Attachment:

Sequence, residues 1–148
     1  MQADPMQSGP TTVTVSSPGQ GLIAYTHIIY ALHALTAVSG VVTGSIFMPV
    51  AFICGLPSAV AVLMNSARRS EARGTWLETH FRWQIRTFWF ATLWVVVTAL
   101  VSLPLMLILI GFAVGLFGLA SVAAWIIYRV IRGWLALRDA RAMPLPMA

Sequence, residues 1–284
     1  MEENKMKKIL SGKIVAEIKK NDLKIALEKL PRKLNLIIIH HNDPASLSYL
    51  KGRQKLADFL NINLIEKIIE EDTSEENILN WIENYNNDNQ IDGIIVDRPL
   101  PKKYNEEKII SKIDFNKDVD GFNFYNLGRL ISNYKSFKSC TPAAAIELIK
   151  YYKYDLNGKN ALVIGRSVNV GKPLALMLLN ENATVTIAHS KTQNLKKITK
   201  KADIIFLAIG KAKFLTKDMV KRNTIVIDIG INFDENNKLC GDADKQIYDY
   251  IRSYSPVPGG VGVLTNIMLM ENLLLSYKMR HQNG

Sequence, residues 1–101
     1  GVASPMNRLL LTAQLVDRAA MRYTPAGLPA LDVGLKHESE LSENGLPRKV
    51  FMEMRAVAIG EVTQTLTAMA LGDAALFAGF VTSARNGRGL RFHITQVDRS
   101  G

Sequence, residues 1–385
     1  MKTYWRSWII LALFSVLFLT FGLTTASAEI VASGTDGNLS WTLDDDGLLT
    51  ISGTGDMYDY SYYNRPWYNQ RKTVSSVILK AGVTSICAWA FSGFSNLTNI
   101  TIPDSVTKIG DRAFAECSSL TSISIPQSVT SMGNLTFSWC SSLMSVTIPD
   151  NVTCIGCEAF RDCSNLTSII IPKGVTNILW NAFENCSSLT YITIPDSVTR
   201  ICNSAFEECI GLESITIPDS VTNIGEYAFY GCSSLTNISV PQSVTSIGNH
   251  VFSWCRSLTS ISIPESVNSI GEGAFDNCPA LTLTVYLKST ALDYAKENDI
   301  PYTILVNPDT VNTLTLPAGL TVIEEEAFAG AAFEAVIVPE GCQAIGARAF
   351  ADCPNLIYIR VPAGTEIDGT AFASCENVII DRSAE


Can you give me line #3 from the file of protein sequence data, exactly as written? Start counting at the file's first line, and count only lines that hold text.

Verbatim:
    51  AFICGLPSAV AVLMNSARRS EARGTWLETH FRWQIRTFWF ATLWVVVTAL